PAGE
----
Can my employer withhold funds from my paycheck without my permission?

UPDATED: Sep 30, 2022

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Can my employer withhold funds from my paycheck without my permission?

I was given a promotion that I was not qualified for at the time. I received my

certification around 4 months later. Now, my boss is taking back the money I

received from my paychecks in that 4 month period in the amount on $2000.

I did not consent to her withholding my money. Is this legal?

Asked on February 24, 2017 under Employment Labor Law, Georgia


M.D., Member, California and New York Bar / FreeAdvice Contributing Attorney

Answered 5 years ago | Contributor

If you worked those 4 months for an agreed upon rate, then once those hours were completed you were entitled to be paid at that rate. If your employer then wanted to change your compensation, they could do so but only for hours yet to be worked. In other words, a pay decrease cannot be retroactive. Typically, the only way that you would be obligated to pay your company back is if you agreed to do so (e.g. under the terms of a collective bargaining agreement or employment contract). That having been said, if your employer feels that you commited some type of fraud, etc. when taking your promotion (i.e. you knew that you did not have your certification must misrepresented that fact to them to is detriment), then they could possibly have a claim. However, they would have to take it to court; they cannot unilaterally take money out of your paycheck. Note: If you do not agree to the repayment it could result in your termination if you are an "at will" worker; in such an employment relationshipy a worker can be dismissed for any reason or no reason at all, with or without notice.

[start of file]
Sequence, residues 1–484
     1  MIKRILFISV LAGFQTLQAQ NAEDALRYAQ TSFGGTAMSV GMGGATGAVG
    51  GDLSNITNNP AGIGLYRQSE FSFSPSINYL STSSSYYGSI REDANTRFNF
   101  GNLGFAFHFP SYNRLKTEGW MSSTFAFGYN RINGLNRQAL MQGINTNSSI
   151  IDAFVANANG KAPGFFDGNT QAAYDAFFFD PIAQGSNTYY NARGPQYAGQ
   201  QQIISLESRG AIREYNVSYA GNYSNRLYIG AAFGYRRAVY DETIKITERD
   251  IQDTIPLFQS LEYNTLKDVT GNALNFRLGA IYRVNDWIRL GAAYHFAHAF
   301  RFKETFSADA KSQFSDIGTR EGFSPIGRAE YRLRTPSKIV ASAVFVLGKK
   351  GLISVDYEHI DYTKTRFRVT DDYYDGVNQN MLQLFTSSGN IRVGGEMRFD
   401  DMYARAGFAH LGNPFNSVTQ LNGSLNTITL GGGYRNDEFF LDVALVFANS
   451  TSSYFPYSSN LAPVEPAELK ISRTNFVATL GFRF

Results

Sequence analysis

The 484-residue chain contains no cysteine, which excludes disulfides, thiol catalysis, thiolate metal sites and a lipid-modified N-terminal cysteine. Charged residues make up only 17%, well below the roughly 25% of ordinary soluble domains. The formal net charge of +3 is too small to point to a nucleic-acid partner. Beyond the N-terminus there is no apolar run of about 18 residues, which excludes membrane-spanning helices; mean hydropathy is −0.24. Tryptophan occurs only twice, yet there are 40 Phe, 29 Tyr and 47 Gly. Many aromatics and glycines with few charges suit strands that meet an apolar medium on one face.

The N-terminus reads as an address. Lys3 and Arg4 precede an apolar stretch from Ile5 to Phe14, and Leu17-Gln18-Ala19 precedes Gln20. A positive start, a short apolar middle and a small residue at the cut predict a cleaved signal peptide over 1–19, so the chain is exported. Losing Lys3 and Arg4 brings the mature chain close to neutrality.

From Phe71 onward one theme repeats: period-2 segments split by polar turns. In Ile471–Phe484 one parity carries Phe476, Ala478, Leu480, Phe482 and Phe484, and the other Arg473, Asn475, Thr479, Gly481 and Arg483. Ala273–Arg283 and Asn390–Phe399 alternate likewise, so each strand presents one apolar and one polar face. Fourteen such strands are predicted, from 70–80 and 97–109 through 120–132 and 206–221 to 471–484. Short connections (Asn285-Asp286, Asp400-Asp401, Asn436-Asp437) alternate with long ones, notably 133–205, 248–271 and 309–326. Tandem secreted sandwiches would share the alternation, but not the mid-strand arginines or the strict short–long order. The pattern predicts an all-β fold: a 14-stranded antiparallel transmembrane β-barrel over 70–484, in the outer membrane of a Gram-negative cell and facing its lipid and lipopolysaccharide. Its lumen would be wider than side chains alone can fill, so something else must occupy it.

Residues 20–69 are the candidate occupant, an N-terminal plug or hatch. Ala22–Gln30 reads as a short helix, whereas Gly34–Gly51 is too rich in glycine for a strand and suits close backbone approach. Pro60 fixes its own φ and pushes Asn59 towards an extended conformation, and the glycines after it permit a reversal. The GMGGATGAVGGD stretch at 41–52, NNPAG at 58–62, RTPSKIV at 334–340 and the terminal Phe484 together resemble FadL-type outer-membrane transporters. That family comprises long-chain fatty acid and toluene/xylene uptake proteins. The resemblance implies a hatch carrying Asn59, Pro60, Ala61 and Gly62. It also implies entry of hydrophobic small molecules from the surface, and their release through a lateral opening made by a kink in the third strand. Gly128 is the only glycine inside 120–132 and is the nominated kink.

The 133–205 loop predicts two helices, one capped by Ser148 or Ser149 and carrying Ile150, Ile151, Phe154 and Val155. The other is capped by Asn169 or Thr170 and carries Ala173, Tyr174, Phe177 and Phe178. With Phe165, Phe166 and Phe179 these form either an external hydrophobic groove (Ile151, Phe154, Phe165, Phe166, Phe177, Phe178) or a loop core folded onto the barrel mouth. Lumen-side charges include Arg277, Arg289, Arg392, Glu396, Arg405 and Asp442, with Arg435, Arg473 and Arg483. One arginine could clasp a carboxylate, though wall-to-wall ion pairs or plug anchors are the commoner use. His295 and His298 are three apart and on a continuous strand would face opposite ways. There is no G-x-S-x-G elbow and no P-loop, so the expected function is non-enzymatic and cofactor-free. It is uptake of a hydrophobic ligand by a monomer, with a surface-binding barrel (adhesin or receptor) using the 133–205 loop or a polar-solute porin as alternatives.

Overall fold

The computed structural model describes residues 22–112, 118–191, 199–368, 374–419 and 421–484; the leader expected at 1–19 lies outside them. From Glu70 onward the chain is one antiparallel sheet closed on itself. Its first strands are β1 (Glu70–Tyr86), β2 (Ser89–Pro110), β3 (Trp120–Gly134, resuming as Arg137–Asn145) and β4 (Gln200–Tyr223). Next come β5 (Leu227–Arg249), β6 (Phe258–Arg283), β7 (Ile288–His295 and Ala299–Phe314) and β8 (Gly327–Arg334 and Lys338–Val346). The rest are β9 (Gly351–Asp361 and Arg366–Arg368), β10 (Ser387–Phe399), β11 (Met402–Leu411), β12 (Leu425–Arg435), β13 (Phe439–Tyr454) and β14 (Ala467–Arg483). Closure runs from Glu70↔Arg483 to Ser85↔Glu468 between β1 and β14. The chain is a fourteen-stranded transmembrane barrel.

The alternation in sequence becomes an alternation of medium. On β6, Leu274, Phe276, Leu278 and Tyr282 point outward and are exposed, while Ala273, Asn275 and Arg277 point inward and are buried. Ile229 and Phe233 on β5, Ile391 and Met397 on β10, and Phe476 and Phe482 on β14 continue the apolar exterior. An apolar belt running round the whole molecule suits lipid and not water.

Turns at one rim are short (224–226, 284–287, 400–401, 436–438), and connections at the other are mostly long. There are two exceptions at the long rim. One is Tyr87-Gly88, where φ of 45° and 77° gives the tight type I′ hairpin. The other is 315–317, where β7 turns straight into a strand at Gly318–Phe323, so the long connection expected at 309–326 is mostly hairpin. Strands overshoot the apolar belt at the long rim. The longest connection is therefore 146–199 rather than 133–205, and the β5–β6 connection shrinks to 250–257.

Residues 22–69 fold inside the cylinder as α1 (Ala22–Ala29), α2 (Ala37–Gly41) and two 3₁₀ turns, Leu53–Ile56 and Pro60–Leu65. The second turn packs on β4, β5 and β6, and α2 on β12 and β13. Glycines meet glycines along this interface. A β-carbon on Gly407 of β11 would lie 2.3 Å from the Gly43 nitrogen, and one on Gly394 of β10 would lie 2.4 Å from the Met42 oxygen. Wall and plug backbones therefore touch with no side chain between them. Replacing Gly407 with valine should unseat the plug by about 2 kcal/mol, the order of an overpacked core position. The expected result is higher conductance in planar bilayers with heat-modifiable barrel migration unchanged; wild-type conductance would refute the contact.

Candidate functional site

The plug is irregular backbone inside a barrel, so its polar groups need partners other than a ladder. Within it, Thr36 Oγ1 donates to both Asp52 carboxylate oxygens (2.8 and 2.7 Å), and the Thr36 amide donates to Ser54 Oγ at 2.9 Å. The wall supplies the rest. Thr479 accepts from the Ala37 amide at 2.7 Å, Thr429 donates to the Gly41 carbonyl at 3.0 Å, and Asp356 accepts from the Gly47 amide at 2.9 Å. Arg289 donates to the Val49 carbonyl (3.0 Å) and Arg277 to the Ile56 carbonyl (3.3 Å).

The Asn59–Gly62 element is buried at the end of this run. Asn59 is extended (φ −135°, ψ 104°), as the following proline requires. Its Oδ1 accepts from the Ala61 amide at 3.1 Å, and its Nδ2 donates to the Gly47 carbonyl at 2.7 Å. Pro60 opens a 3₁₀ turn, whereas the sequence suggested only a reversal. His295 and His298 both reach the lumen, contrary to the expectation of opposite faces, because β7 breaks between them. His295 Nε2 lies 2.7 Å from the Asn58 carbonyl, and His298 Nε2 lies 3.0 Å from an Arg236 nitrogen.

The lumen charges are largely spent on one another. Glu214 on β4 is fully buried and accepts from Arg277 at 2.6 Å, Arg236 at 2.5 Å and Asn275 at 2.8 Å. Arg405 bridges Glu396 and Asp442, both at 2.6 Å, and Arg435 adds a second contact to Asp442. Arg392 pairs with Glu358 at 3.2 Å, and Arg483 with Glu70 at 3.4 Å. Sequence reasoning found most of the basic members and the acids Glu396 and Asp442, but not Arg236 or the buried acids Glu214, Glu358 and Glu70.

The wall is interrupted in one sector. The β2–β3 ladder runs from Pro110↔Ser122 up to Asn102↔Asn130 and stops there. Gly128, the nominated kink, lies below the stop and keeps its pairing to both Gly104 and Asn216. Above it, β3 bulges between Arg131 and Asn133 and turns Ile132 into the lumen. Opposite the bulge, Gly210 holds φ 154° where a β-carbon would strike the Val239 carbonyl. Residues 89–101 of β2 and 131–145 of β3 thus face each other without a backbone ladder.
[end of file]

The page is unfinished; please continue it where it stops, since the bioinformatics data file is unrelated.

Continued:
IMPORTANT NOTICE: The Answer(s) provided above are for general information only. The attorney providing the answer was not serving as the attorney for the person submitting the question or in any attorney-client relationship with such person. Laws may vary from state to state, and sometimes change. Tiny variations in the facts, or a fact not set forth in a question, often can change a legal outcome or an attorney's conclusion. Although has verified the attorney was admitted to practice law in at least one jurisdiction, he or she may not be authorized to practice law in the jurisdiction referred to in the question, nor is he or she necessarily experienced in the area of the law involved. Unlike the information in the Answer(s) above, upon which you should NOT rely, for personal advice you can rely upon we suggest you retain an attorney to represent you.

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